Nicola Sturgeon is to give evidence next week at the UK wide public inquiry into the handling of the Covid pandemic.

The former first minister will be quizzed on the Scottish Government's response to the crisis on Thursday morning in London.

John Swinney, the former deputy first minister, is also due to appear before the panel the same day, while former health secretary Jeane Freeman will give evidence the previous afternoon.

Catherine Calderwood, who was forced to resign as chief medical officer for Scotland for breaking lockdown rules by travelling to her holiday home, will be questioned on Wednesday morning.

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The UK Covid-19 Inquiry was launched by former Prime Minister Boris Johnson in May 2021 and covers decision-making during the pandemic in both Westminster and the devolved administrations.

Ms Sturgeon was the public face of the response to coronavirus in Scotland and appeared on regular televised media briefings throughout lockdown.

The UK wide public inquiry began hearing evidence as part of its first investigation into the UK’s preparedness and resilience for a pandemic on June 13.

Six weeks of public hearings in front of the inquiry chair Baroness Heather Hallett are planned in what is known as module 1 of the probe. They are due to continue until July 20.

The overall inquiry has no formal deadline but is due to hold public hearings across the UK until at least 2025.

According to the National Records of Scotland, as of June 18 this year, there have been a total of 17,680 deaths registered in Scotland where Covid 19 was mentioned on the death certificate.

Ms Sturgeon is likely to be asked next week about what preparations the Scottish Government made in advance for a pandemic.

She will also face questions during the inquiry about the timing and rationale for lockdowns throughout the crisis and over her administration's decision to transfer hospital patients who had tested positive for the virus into care homes.

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An official report found that 113 Scottish hospital patients who had tested positive for coronavirus, without later testing negative, were transferred to care homes in March, April and May 2020.

A further 3,061 were sent from hospitals to care homes in the period without being tested.

Earlier this month solicitors representing bereaved families in the Scottish and UK Covid-19 inquiries demanded clarity on whether Ms Sturgeon’s WhatsApp messages were relevant.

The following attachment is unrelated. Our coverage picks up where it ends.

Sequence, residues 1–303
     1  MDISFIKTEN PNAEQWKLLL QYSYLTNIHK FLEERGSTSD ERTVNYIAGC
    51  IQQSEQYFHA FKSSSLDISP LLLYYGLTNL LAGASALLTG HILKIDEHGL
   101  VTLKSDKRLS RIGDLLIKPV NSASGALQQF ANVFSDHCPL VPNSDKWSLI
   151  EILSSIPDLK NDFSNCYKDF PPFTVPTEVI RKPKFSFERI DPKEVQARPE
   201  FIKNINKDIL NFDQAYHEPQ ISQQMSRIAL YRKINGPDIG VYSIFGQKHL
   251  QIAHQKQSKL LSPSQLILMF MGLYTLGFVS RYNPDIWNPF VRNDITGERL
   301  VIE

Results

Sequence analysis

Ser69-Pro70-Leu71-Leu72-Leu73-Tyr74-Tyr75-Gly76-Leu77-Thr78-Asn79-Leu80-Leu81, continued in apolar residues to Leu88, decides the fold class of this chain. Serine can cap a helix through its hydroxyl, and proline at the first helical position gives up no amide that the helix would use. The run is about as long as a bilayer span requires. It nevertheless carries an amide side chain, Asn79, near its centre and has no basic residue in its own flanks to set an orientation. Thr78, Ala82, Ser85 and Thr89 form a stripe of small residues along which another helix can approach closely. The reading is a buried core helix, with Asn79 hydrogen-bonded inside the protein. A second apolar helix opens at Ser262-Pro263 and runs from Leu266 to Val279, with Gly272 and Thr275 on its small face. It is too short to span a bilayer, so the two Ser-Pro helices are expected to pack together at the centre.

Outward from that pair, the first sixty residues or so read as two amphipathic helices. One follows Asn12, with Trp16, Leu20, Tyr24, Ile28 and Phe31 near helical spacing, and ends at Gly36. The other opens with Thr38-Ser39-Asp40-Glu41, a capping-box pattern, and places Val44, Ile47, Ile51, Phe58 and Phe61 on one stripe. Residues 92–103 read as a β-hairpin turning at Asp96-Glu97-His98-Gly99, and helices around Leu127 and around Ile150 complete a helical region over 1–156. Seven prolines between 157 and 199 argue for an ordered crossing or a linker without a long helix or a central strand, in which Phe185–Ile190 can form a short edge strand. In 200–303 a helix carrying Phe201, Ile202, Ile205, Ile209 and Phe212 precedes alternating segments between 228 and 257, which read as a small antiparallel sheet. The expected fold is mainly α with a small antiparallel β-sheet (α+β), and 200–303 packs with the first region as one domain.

It comes as a transparency row erupts between the UK inquiry and the Westminster government after WhatsApp submissions from senior aides had been redacted.

Counsel acting on behalf of Scottish ministers said Ms Sturgeon did not have any relevant informal correspondence – which could include private messages, emails or diaries – that were relevant to the handling of the pandemic.

Aamer Anwar, lead solicitor for the Scottish Covid Bereaved group, said it should be a matter for inquiry officials to determine what information is considered relevant.

The group has made further legal submissions to the UK Covid Inquiry calling for all unredacted WhatsApp messages and other relevant materials to be provided.

In a statement, he said a request “should be made of Scottish ministers to provide to the inquiry any communications held by informal means in order that the primary relevance test can be carried out by this inquiry”.

Mr Anwar said: “The Government is and should be answerable to the people, this applies to both the Scottish Government as well as the UK Government.

“We were advised by the Scottish ministers’ counsel that Nicola Sturgeon has advised them she does not have such informal messages – i.e. WhatsApp messages.

“Today we have sought full clarity from the UK and Scottish Inquiry as to what has happened to Ms Sturgeon’s WhatsApp messages, and why they are not being disclosed in their entirety.

“Ms Sturgeon and other Scottish ministers should be in no different of a position to that of Mr Johnston, Rishi Sunak or Matt Hancock, the job of establishing the relevance is a matter for this inquiry.

“We have said before and say it again, no individual, no matter how powerful, can be allowed to interfere with the pursuit of truth, justice and accountability in this inquiry. Those who lost their lives to Covid-19 deserve nothing less.”

Among those who have already given evidence include Jeremy Hunt, the UK health secretary, and former prime minister David Cameron.

A separate inquiry focusing on the Scottish Government's handling of the pandemic has yet to hold any public hearings.